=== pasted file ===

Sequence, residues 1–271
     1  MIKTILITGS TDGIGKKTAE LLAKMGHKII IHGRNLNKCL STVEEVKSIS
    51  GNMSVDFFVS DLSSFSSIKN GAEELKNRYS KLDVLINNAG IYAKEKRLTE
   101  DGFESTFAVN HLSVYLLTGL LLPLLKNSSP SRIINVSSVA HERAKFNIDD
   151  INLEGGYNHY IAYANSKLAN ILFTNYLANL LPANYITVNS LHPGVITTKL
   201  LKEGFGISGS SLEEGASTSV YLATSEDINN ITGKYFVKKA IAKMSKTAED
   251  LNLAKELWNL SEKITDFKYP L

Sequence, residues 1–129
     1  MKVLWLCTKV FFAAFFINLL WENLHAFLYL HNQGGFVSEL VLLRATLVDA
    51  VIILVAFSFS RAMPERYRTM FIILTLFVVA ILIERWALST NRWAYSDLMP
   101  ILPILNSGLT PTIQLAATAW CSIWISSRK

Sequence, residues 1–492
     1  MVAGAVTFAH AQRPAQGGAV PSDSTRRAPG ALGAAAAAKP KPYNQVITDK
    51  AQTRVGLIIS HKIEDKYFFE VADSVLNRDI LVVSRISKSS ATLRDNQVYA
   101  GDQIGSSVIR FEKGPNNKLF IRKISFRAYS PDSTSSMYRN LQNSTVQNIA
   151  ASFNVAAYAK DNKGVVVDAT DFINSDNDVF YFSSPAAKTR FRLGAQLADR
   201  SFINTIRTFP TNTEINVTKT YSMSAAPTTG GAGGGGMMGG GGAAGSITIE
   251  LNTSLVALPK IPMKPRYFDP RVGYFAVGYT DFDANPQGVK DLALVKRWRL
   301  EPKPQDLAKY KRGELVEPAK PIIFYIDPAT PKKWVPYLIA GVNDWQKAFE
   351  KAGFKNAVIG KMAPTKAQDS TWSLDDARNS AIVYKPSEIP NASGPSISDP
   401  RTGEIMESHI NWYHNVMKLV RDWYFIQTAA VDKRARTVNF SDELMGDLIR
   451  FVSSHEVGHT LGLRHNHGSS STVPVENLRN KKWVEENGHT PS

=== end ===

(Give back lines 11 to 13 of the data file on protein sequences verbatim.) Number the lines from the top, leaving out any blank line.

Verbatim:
   101  ILPILNSGLT PTIQLAATAW CSIWISSRK

Sequence, residues 1–492
     1  MVAGAVTFAH AQRPAQGGAV PSDSTRRAPG ALGAAAAAKP KPYNQVITDK